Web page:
There seems to be a grudge held by the media against director Takashi Shimizu for his “naked greed” in making the same damn film seven times over. It seems that it’s okay for a filmmaker to make a profit so long as it’s just collateral damage from the production of art. It also seems as though it’s not only okay but also encouraged for filmmakers to make a career out of repeating the same material so long as each one features a different title and superficially original story. Hitchcock himself once joked that a filmmaker’s “style” was nothing more than “self-plagiarism”. It can be argued very easily that among the master of suspense’s fifty-three films are many which are more than superficially alike, perhaps even virtually identical in form and function.
That said, it is incredible that someone would want to make the same exact movie seven times over, but it’s not yet against any law. For Shimizu, it’s probably just pragmatic. These are the films he is being allowed to make, particularly if he wants to make them in Hollywood. The American studios have no interest in anything new and unproven from some Japanese filmmaker, and in most cases would have wanted to ship him back home before the ink was dry on the contract. I suppose we have Sam Raimi and his Ghost House pictures to thank for sticking with Shimizu instead of some music video maven they could kick around. We should also thank them for allowing this semi-abstract horror film to escape into general release, for there is no doubt Shimizu had more control on this sequel than he did during the American remake of his Japanese remake of his Japanese original.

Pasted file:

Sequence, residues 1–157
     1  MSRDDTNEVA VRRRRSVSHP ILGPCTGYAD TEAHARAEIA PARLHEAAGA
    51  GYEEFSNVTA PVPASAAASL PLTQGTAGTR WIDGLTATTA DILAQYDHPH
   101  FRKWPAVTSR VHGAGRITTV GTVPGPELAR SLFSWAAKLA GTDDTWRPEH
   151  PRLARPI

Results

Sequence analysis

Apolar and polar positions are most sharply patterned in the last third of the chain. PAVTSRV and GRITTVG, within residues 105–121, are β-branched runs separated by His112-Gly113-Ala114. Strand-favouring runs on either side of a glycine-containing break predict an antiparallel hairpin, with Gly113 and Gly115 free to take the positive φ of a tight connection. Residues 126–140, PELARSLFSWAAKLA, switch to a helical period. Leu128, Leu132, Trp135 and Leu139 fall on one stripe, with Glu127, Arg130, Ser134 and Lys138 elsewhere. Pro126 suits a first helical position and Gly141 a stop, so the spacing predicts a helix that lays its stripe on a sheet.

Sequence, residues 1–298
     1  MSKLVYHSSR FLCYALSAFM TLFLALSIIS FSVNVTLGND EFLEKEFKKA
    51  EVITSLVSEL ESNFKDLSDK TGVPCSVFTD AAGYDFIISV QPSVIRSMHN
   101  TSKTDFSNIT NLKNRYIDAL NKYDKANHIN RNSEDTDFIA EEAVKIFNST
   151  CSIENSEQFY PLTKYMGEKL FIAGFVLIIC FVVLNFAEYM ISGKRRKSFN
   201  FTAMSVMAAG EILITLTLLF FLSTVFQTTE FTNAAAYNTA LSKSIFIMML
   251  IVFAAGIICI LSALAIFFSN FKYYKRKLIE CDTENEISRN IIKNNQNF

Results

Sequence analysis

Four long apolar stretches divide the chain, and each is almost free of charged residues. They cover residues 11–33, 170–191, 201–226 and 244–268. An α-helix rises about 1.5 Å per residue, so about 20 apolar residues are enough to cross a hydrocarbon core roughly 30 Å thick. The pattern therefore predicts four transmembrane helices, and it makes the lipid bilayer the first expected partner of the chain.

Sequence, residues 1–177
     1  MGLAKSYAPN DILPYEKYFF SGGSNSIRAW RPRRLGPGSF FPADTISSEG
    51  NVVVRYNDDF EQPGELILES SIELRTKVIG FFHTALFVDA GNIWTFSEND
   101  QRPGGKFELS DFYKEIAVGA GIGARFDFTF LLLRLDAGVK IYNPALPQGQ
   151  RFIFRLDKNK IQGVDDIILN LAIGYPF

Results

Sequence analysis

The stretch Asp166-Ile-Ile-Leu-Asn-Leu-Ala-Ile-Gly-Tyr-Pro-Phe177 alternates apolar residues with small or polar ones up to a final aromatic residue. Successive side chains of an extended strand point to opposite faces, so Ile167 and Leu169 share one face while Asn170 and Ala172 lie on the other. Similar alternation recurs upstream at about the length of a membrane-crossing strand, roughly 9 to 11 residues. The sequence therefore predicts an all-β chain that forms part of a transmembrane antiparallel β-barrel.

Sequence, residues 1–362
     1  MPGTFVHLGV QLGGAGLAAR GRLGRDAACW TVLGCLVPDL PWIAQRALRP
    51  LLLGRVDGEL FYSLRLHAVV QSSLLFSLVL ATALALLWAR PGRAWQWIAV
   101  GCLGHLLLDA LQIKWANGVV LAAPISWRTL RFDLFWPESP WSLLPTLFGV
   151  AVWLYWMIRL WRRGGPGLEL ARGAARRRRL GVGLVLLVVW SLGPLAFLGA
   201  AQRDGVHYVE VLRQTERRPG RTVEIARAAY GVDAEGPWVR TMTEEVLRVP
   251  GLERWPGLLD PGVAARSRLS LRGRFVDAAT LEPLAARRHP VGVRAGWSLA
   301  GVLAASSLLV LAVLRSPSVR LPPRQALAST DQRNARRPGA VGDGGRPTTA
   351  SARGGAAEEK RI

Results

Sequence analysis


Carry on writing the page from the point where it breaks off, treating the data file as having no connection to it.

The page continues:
When we last left Grudge-world, Karen (Sarah Michelle Gellar) had just set fire to the evil house and was hospitalized in a state of total horror movie shock. No character has been known to have returned from this condition and if they do, it’s only for them to die in the opening reel of the sequel. So, like Adrienne King in “Friday the 13th, Part 2”, Karen returns, still hospitalized, and held by the police for killing her boyfriend as a result of said fire. She is also strapped to her bed, making it very hard for her to fight back against any blue boys or long black wigs that might be trying to get her.
Karen is visited by her younger sister, Aubrey (Amber Tamblyn), whose crazy bedridden mother has tasked her with bringing crazy Karen back home. How she is supposed to do this while charges are being held against her sister by the Japanese authorities is not explained. Thankfully, since this is a horror movie, it’s all for naught since Karen is dead before any serious legal wrangling is begun. Now, Aubrey wants to find out why her sister ended up this way and what mysteries lie in the burned out house.